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Joseph Egger and H-D. Schilling

1 MARCH 1984 JOSEPH EGGER AND H.-D. SCHILLING 779Stochastic Forcing of Planetary Scale Flow JOSEPH EGGER AND H.-D. SCHILLINGMeteorologisches Institut der Universitiit Miinchen, Munich, FRG(Manuscript received and in final form 12 October 1983) ABSTRACT Using geopotential height observations we analyze the fluctuations of the barotropic

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Leong Wai Siu and Kenneth P. Bowman

) demonstrated the importance of diabatic heating in simulating the NAMA using a mesoscale numerical model. Chao and Chen (2001) asserted that land–sea contrasts and orography are important for simulating the North American monsoon. Other thermal forcings may also be important. The heaviest North American monsoon precipitation is located along the Sierra Madre Occidental in northwestern Mexico; however, the heaviest precipitation in the western Hemisphere (WH) falls in the equatorial Pacific and Atlantic

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R. J. Haarsma and J. D. Opsteegh

Utrecht, Utrecht, The Netherlands (Manuscript received 12 October 1988, in final form I0 April 1989) We have investigated the nonlinear steady-state response of a barotropic model to an estimate of the observedanomalous tropical divergence forcing for the El Nifio winter of 1982/83, The 400 mb climatological fl0w wasmade a forced solution of the model by adding a relaxation forcing. The Rayleigh friction coefficient (~-~ -- 20days) was chosen such that this solution is marginally stable. The

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Andrew J. Majda, Boris Gershgorin, and Yuan Yuan

1. Introduction The low-frequency response to changes in external forcing or other parameters for various components of the climate system is a central problem of contemporary climate change science. Examples include the response of the mean and variance of the low-frequency teleconnection patterns of the atmosphere in addition to more familiar functions such as the mean temperature response in a global warming scenario. Leith (1975) suggested that if the climate system satisfied a suitable

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Edwin K. Schneider, Lennart Bengtsson, and Zeng-Zhen Hu

between the simulated and observed low-pass evolution of the wintertime NAO index, including a positive trend, at least for the mid-1960s through the mid-1990s. Rodwell et al. (1999) relate this resemblance to forcing by North Atlantic SST anomalies (SSTAs) and find no evidence for tropical forcing. Hoerling et al. (2001) find the forcing from the extratropics and the tropical Atlantic to be small and therefore attribute the resemblance in the low-frequency behavior and trend of an index closely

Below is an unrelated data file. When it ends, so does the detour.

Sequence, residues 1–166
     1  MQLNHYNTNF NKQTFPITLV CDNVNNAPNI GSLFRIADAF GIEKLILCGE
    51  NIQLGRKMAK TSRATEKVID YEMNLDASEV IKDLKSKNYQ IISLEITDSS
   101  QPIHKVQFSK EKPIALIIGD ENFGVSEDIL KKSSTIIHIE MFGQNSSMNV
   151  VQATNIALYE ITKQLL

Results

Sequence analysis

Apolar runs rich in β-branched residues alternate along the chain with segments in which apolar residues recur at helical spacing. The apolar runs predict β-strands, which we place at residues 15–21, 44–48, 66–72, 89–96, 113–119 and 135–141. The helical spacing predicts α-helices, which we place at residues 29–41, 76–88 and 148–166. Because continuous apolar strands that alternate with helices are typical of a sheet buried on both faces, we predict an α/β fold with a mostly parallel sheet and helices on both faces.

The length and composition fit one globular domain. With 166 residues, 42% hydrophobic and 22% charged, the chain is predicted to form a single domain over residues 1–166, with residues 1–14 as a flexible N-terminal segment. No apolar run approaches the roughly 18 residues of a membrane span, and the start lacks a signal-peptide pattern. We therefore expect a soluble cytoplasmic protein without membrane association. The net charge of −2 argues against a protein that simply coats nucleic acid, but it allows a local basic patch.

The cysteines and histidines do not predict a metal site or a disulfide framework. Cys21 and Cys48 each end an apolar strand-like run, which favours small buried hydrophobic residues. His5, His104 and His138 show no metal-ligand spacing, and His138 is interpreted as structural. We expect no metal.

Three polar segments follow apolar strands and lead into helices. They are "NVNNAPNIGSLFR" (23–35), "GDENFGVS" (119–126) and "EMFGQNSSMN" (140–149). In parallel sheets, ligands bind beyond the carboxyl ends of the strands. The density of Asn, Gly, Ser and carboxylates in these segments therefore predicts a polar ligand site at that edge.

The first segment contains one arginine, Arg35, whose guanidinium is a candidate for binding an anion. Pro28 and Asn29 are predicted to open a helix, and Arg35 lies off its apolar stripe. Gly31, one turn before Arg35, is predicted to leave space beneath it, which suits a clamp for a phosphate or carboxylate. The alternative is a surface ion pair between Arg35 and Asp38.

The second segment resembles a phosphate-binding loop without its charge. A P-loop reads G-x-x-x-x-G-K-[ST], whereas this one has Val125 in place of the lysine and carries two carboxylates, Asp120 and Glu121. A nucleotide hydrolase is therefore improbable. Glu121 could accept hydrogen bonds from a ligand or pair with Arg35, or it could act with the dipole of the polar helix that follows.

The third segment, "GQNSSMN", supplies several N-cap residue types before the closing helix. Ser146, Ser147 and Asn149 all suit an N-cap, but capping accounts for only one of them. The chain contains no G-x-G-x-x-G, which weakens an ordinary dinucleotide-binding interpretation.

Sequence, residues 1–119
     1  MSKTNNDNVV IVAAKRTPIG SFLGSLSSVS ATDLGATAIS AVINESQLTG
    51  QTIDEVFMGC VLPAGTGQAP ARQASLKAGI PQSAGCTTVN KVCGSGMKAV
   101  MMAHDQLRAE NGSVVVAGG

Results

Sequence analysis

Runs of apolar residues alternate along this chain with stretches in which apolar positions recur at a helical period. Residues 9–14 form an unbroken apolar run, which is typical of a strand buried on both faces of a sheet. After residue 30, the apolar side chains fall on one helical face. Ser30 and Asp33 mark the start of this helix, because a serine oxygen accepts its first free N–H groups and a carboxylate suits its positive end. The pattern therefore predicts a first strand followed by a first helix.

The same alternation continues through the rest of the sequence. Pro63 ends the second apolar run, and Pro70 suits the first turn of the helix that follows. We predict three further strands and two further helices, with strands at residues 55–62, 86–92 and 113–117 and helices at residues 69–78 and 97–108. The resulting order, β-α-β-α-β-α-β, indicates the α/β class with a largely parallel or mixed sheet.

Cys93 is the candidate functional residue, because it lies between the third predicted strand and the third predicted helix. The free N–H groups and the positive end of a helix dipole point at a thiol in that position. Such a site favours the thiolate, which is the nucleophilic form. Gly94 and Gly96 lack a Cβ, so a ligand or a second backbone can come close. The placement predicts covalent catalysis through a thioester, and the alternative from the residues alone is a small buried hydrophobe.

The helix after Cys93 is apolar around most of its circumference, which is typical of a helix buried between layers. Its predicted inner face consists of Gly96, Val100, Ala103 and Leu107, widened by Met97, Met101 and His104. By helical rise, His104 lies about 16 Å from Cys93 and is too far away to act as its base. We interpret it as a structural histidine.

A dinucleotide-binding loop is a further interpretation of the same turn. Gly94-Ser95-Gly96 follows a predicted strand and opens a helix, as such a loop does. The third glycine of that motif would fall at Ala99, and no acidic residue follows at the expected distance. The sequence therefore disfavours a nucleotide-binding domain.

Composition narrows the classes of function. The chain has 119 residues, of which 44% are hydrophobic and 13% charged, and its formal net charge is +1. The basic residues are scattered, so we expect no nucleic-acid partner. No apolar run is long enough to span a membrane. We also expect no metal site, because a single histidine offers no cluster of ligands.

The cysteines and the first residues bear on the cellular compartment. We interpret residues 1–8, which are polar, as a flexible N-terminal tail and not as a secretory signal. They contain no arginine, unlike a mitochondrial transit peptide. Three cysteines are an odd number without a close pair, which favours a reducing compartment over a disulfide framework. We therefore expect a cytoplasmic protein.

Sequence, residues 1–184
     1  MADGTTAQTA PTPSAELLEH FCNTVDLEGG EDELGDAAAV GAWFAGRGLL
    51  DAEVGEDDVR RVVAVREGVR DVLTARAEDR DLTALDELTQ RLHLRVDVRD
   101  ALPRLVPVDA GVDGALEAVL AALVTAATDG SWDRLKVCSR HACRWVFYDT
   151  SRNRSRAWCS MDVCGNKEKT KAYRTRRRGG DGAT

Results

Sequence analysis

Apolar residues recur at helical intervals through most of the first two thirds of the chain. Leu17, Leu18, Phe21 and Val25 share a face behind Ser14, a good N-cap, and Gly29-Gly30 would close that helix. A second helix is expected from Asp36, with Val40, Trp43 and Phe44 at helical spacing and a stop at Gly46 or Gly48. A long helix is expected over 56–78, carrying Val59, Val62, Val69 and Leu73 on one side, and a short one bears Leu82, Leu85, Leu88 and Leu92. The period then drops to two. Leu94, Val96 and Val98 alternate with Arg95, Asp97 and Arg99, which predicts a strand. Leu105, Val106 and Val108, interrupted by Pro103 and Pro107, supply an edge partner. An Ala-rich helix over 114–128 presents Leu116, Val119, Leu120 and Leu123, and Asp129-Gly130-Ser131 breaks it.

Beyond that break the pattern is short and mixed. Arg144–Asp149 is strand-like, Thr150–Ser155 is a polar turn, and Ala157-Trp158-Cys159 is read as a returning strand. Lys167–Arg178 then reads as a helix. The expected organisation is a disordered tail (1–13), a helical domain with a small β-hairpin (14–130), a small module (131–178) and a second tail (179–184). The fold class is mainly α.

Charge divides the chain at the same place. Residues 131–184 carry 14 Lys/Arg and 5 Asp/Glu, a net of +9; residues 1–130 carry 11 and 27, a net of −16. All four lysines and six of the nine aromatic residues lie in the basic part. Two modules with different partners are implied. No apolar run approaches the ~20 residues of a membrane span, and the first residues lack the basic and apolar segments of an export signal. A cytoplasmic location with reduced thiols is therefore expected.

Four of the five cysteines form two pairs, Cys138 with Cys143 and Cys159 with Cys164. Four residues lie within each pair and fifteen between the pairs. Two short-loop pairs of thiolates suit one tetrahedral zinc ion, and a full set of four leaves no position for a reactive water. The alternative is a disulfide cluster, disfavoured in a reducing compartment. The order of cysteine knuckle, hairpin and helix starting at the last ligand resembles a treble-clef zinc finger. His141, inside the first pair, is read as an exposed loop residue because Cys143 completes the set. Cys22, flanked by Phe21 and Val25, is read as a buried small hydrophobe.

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Mauro Dall’Amico and Joseph Egger

noise forcing as a data basis ( section 3 ). Systematic variations of grid size, time series length, sampling interval, and the number of variables are conducted in section 4 in order to study their effect on how well the EME reproduces the dynamics of the studied system. The conclusions are outlined in section 5 . The results of this part of the paper provide guidelines for the application of this methodology to any problem in (and beyond) the atmospheric sciences. Real data of limited length

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J. C. Alpert and S. K. Avery

OCTOBER 19~3 J.C. ALPERT, M. A. GELLER AND S. K. AVERY 2467'The Response of Stationary Planetary Waves to Tropospheric Forcing~ J. C. ALPERT AND M. A. GELLERLaboratory for Planetary Atmospheres, NASA/Goddard Space Flight Center, Greenbelt, MD 20771 S. K. AVERY2Department of Electrical Engineering, University of Illinois, Urbana 61801(Manuscript received 2 February 1983, in final

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Steven L. Mullen

VOL. 44, NO. 1 JOURNAL OF THE ATMOSPHERIC SCIENCES I JANUARY 1987 Transient Eddy Forcing of Blocking Flows STEVEN L. MULLEN* National Center for Atmospheric Research,** Boulder, CO 80307 (Manuscript received 2 January 1986, in final form 1 July 1986) ABSTRACT The net forcing of blocking flows by transient eddies having synoptic time scales is examined within

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Brian F. Farrell and Petros J. Ioannou

1. Introduction A comprehensive understanding of the dynamics of linear systems is fundamental to physical science and, while linear systems arise in a wide variety of contexts, in this work we have in mind the particular examples of the dynamics of perturbations to the tangent linear forecast and data assimilation error systems. Among important problems in dynamical system theory is understanding the response of a linear system to forcing distributed in time. In the context of linear forecast

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Le Kuai, Run-Lie Shia, Xun Jiang, Ka Kit Tung, and Yuk L. Yung

period of the QBO averages about 28 months but is known to have interannual variations of a few months about the average. While it is not surprising for this phenomenon arising from wave–mean flow interaction to have a variable period, the possibility that it could be affected by external forcing such as the 11-yr solar cycle (SC) is intriguing. Using radiosonde data from the Free University of Berlin (FUB) near the equator at 45 hPa between 1956 and 1996, Salby and Callaghan (2000) found that the

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